• So we cannot store the destructions which occured in the past (else the database does not have a size limit)

If we don’t want them to trust a particular database, they have to detect the sources destructions on their own… And its really slow (such a client have to parse the whole blockchain).

I’m opened to any idea. My first thought right now is that since we store transactions history, why don’t we store sources destruction history too ? What about the database size ? Can we have two distinct databases such as :

  • One database addressing general network state (finished size, built by reading the stream of blocks, only contains current network state)
  • One database adressing history and data useful to clients (not size-limited, but optional to nodes implementing SVAPI)

#9

Je souhaiterai que mon viewer du réseau (http://www.ğ1.com/ en bas à droite) puisse subsister dans le temps et ne pas faire directement des requêtes sur la base, comme on me le suggère fortement.


#10

Duniter already stores all the unconsumed sources, the api could provide this list directly to clients, this information being lighter than the consumed sources.


#11

I’m talking about sources destroyed because of account being < 1.00


#12

I don’t understand why you need to store these sources there, as long as you have all the unconsumed sources of an account you know its exact balance suddenly on.

Destroyed sources are not included in the index of unused sources so there is no risk of error :slight_smile:


#13

Yes but we have to make them appear in the user history so that he understands what happened :wink:


#14

Small fix about UTXO : it does not need any change in Duniter protocol. Actually, its already possible to do with current protocol (For details, see https://bitcoin.stackexchange.com/questions/37397/where-is-the-utxo-data-stored )


#15

Je soutiens les propositions ci-dessus :

  • Vraies vérifications par Arbre de Merckle
  • Notion d’état des données.

Je propose à nouveau d’utiliser un standard pour l’API.
Je propose GraphQL en HTTP ou Websocket.

Du pour : https://blog.risingstack.com/graphql-overview-getting-started-with-graphql-and-nodejs/
Du contre : https://blog.hitchhq.com/graphql-3-reasons-not-to-use-it-7715f60cb934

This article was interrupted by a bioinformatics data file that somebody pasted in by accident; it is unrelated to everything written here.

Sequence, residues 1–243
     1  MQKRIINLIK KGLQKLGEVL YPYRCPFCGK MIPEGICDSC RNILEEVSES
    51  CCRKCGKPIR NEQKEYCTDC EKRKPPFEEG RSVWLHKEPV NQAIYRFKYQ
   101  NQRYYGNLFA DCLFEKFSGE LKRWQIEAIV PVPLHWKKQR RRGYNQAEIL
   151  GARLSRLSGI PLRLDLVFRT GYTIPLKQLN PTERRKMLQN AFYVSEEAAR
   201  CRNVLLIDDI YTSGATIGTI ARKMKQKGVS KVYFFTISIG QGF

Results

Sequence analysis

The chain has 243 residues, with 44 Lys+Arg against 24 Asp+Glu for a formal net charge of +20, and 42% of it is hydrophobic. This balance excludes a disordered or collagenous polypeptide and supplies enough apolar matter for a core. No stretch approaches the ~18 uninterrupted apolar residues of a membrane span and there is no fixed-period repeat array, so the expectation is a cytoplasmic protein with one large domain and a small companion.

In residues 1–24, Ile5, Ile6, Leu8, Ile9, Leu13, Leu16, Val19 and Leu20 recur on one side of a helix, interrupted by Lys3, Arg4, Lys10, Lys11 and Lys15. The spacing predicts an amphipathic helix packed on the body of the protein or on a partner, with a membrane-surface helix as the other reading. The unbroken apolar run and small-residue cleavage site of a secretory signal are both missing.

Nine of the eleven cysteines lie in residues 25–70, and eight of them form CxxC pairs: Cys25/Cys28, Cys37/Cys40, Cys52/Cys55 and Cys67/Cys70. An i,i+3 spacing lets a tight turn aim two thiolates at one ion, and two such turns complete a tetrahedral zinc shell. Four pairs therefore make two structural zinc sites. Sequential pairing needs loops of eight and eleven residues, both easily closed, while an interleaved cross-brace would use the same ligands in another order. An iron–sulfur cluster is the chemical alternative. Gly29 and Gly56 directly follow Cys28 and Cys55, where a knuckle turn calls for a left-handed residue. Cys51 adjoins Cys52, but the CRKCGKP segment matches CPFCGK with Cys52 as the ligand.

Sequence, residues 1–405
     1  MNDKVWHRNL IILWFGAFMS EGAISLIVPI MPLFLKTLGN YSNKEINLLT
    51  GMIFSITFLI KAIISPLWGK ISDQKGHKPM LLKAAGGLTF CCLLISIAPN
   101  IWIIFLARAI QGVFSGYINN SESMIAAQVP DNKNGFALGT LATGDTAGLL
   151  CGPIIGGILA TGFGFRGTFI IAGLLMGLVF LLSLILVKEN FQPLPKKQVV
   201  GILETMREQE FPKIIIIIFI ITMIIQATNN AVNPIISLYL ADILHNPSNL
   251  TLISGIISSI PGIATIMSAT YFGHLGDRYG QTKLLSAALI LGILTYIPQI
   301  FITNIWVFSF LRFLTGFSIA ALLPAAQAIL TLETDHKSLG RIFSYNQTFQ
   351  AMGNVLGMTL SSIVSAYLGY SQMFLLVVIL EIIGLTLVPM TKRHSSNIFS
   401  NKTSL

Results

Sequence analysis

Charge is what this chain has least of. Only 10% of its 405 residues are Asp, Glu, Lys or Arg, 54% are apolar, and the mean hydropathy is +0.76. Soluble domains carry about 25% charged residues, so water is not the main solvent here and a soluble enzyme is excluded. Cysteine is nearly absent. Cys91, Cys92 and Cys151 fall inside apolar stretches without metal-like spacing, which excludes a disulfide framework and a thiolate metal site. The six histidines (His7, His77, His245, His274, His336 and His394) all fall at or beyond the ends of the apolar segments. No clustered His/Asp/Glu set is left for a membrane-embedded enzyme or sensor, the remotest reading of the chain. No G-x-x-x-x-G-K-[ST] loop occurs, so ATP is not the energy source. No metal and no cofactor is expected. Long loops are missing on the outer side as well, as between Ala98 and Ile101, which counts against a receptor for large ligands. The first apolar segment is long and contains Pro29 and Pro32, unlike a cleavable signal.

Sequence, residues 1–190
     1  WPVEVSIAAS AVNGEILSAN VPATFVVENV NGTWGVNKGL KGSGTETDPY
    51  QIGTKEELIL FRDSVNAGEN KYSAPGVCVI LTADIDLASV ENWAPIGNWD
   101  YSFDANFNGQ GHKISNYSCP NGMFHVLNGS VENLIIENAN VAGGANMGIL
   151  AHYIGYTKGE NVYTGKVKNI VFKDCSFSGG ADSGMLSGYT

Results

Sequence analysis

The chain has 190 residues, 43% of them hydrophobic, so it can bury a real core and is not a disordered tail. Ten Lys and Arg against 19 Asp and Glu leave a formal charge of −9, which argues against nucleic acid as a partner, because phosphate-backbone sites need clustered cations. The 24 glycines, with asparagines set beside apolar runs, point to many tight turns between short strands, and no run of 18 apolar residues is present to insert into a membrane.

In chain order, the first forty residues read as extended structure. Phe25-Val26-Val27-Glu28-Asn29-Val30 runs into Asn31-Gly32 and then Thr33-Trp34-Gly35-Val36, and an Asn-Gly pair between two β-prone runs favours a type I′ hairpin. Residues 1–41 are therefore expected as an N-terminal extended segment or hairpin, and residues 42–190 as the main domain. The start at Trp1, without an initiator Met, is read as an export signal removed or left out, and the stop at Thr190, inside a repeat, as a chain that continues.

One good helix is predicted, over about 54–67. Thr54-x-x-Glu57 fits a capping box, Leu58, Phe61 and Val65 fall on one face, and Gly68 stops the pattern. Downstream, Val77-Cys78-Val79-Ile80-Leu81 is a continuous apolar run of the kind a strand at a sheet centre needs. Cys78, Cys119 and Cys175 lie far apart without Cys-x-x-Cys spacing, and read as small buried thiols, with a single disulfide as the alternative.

#16

La plupart des critiques à graphql ne s’appliquent pas vraiment à Duniter. La blockchain de Duniter ne bouge pas beaucoup, le type du contenu stocké non plus. Ce n’est pas comme une API d’un service web type twitter/github/etc qui change plusieurs fois par mois en fonction des différentes évolutions de service. La blockchain évolue lentement, de part son protocole basé sur un consensus notamment.

Une autre contrainte est d’avoir une API implémentable sur d’autres noeuds que les noeuds Nodejs à terme. GraphQL existe en rust c’est une bonne nouvelle : https://github.com/graphql-rust/juniper

Sur le principe, le format hiérarchique me parait particulièrement adapté effectivement. La requete en mode “merklized” ou “données” peut être gérée à partir des Directive a priori : http://graphql.org/learn/queries/#directives

Erf, il faudrait réécrire toute cette page. Je pense que c’est l’occasion de s’intégrer au process habituel, via une merge request sur : https://git.duniter.org/nodes/common/doc

Tu serais motivé pour réaliser ça @vtexier ?


#17

GraphQL à l’air très sympa, surtout s’il y a une implémentation pour NodeJS et Rust.

Sinon merci de proposer de faire la doc dans le dépot nodes/common/doc, personne ne s’en servait à par moi pour les RFC ^^


#18

J’ai commencé à rédiger une RFC en anglais (accrochez vous !).

Pour la numérotation des RFC, j’ai pris le numéro 003.

rfc/0003 RFC GraphQL API for Duniter Client.md

J’ai proposé le nom GraphQL Verification API, mais c’est à discuter…

Pas les droits pour créer une branche sur le dépôt GitLab…


#19

maintenant si :slight_smile:


#20

Voici le lien vers le document en cours de rédaction.

Pour profiter des exemples de code, je conseil d’aller dans vos settings/preferences et de choisir la couleur de coloration de la syntaxe en “dark” :

https://git.duniter.org/profile/preferences

Enjoy !